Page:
The One Page, One Policy Strategy is designed to deal with these issues more simply, tax-effectively and cost-effectively.

It makes it easier to deal with your needs as they change over time.

However, there might still be situations where the Business and its Advisers would prefer a Multiple Policy Approach.


Complete Succession One Policy Worksheet

Click here to see a Risk Analysis Worksheet completed for a Complete Succession Plan held on One Policy pursuant to the terms of a Business Insurance Trust Agreement.


"One Page, Two Policy Succession Plan"

In some cases, the Business might wish to obtain the benefit of a "One Page Succession Plan".

However, it might not wish to use the One Policy Strategy.

Super Fund Ownership of Buy/Sell and/or Personal CoverCover

The Lives Insured might require some of the Buy/Sell or Personal Cover to be owned by a Public Offer Super Fund or Self-Managed Super Fund, where considered appropriate by the Adviser and Business.

The purpose of the Superannuation strategy would be to obtain a tax deduction with respect to some of the Premium.

It is not appropriate to hold Key Person or Debt Reduction Cover in the Superannuation environment, because it would breach the "sole purpose test".

Self-Ownership of Buy/Sell and Personal Cover

Alternatively, they might require:

  • the Buy/Sell or Personal Cover to be owned by the Life Insured or a Related Party of each Life Insured; and

  • the Debt Reduction or Key Person Cover to be owned by the Business (as Trustee).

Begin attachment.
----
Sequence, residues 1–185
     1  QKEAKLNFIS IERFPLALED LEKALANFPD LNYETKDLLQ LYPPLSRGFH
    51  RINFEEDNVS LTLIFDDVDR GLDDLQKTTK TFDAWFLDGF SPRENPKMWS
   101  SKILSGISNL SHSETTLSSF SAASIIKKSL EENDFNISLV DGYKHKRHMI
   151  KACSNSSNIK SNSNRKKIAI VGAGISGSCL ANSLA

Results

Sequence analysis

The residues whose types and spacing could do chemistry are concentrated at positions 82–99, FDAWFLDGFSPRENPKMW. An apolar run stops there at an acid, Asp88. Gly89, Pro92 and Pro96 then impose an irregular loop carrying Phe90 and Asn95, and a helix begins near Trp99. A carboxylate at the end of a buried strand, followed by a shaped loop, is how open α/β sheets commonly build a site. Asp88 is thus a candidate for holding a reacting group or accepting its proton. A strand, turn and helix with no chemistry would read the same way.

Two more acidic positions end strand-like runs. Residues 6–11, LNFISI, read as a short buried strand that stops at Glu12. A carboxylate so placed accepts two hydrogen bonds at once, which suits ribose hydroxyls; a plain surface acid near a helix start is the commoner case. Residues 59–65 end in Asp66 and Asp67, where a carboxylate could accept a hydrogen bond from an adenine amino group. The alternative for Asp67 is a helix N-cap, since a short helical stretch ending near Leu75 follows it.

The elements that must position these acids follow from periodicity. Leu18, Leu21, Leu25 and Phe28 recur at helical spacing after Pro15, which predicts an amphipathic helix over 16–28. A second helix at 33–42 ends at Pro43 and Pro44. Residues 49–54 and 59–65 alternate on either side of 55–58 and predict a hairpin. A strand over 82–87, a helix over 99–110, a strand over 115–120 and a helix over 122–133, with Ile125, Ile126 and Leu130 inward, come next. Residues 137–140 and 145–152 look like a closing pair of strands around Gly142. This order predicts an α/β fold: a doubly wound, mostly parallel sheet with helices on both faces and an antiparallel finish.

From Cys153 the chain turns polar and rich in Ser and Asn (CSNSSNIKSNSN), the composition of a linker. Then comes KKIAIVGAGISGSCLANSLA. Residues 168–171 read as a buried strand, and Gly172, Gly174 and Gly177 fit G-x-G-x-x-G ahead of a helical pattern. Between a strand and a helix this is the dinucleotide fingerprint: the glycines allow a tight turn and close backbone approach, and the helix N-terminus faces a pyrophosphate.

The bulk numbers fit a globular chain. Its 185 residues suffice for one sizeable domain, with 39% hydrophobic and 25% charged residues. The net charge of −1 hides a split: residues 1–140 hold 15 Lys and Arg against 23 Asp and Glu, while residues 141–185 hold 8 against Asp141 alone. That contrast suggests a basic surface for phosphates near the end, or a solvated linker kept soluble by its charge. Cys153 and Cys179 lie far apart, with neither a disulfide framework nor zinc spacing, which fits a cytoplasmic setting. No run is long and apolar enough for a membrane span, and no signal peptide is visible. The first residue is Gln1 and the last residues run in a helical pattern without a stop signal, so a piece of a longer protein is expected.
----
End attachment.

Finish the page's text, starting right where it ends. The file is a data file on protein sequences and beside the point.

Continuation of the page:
Two Policies

Therefore, these strategies effectively require at least two Policies:

  • one Policy owned by the Business (as Trustee) with respect to the Key Person or Debt Reduction Cover; and

  • one Policy owned by the Public Offer Super Fund, Self-Managed Super Fund or Life Insured with respect to the balance of the Cover.

In these cases, it is possible to design a “One Page, Two Policy Strategy”.

Click here to read more about the One Page, Two Policy Strategy.

Possible Third Policy for TPD and Trauma Cover

Where Super Fund Ownership is required, it might also be necessary to obtain a third Policy, if Own Occupation TPD and/or Trauma Cover is required for any Buy/Sell or Personal Needs.

Super Fund Ownership

Click here to read about the implications of Super Fund Ownership.

Click here to read about Super Fund Ownership of Buy/Sell Cover.


Hybrid Agreement

The One Page, Two Policy Strategy requires a Hybrid or Multiple Policy-Owner Agreement.

In these cases, the Agreement will enable the cover for each Life Insured to be split between two or more separate Policies owned by different parties:

  • the Purchase Price and/or Personal Cover might be owned by the Life Insured (or Super Fund, where appropriate); and

  • the Debt Reduction or Key Person Cover might be owned by the Business (on the terms of the current tax-effective Trust Structure).

This version of the Agreement would reduce some of the security concerns about the use of a Non-Arm's Length Trustee, because in most cases the intended Recipient of the benefit of the Insurance Proceeds will be the Policy Owner.

Click here to read more about a Hybrid or Multiple Policy-Owner Agreement.


Complete Succession Two or Three Policy Worksheet

Click here to see a Risk Analysis Worksheet completed for a Complete Succession Plan held on Two or Three Policies pursuant to the terms of a Hybrid Business Insurance Trust Agreement.


Copyright: Clover Law Pty Ltd



Adviser Tip

Traditionally, Advisers have arranged a separate Policy for each separate need, often owned by different Policy Owners.

After a few years, nobody knows what Cover they have, what it's for, whether it's for the right amount or whether the Insurance Proceeds will be paid to the right Recipient.

See more Adviser Tips.